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Keywords:

  • blonanserin;
  • cognition;
  • first-episode schizophrenia;
  • second-generation antipsychotics;
  • subjective well-being

Aims

The purpose of this study was to evaluate the long-term effectiveness and safety of blonanserin, a second-generation antipsychotic drug developed in Japan, in patients with first-episode schizophrenia.

Methods

Twenty-three antipsychotic-naïve patients with first-episode schizophrenia were treated within an open-label, 1-year, prospective trial of blonanserin (2–24 mg/day). Clinical evaluations were conducted at baseline and 2, 6, and 12 months after the start of treatment. The main outcome measures were changes in subjective well-being and subjective quality of life, as assessed by the Subjective Well-being under Neuroleptic treatment scale Short form-Japanese version and the Schizophrenia Quality of Life Scale-Japanese version, respectively. Secondary outcome measures included the Positive and Negative Syndrome Scale, the Brief Assessment of Cognition in Schizophrenia-Japanese version, laboratory tests, bodyweight, and extrapyramidal symptoms.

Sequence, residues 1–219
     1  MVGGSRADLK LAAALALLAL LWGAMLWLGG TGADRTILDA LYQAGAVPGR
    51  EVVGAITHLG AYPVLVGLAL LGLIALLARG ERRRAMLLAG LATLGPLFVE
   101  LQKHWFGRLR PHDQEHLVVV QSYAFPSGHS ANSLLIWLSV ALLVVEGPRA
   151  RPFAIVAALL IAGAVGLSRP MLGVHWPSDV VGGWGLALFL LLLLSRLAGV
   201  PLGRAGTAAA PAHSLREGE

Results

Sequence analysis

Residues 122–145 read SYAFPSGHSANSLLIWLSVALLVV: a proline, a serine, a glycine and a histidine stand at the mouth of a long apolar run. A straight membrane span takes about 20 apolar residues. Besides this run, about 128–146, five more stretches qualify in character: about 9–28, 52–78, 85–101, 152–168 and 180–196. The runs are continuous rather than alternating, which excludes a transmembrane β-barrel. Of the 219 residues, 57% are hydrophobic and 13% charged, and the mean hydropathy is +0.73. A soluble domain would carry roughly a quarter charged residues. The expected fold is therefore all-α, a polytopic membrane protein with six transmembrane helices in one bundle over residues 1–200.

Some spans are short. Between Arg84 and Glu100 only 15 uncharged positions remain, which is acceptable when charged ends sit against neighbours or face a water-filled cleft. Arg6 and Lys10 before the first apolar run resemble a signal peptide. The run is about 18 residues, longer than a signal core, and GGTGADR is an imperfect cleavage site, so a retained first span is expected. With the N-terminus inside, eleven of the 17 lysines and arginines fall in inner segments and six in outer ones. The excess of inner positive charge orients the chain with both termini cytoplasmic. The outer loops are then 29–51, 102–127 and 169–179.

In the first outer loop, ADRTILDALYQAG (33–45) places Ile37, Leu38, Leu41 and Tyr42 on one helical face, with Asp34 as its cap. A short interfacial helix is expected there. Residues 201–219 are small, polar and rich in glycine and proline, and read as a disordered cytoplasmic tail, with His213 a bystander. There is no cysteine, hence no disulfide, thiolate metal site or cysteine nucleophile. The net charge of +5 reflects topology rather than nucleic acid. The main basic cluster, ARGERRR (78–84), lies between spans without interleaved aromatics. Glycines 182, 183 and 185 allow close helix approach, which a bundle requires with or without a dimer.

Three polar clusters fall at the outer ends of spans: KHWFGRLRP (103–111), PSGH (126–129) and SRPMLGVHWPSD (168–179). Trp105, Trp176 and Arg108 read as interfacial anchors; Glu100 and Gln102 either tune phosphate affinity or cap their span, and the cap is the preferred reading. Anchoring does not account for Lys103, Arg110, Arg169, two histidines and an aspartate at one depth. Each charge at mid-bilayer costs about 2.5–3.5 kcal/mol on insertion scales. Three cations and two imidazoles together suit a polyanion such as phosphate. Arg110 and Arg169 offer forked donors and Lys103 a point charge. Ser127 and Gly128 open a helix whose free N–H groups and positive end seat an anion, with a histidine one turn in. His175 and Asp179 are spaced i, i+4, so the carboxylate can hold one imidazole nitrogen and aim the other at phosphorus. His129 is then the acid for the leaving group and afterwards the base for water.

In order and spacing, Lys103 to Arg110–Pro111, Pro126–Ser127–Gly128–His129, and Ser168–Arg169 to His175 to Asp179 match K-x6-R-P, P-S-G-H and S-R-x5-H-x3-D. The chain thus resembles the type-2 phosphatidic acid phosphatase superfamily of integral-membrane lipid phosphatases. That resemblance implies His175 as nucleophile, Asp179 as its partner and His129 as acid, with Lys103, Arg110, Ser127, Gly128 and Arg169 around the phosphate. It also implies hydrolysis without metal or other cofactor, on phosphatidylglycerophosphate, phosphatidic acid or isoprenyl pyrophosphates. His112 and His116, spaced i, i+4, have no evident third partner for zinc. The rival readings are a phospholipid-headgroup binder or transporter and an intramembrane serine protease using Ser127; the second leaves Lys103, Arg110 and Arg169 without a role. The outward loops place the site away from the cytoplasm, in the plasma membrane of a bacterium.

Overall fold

Results

Fourteen patients (60.9%) remained on the study at 1 year. In the intention-to-treat analysis, significant improvements were observed in several subscales on the Subjective Well-being under Neuroleptic treatment scale Short form-Japanese version, the Schizophrenia Quality of Life Scale-Japanese version, and the Brief Assessment of Cognition in Schizophrenia-Japanese version, and in all factor scores on the Positive and Negative Syndrome Scale. Improvement in depressive symptoms with blonanserin treatment was positively correlated with improvements in subjective well-being and subjective quality of life, as well as verbal memory. No significant changes were noted for any safety measure during the 1-year study period.

Conclusions

Blonanserin was well tolerated and effective for the treatment of first-episode schizophrenia in terms of subjective wellness, cognition, and a wide range of pathological symptoms. Further large-scale studies are warranted to confirm our findings.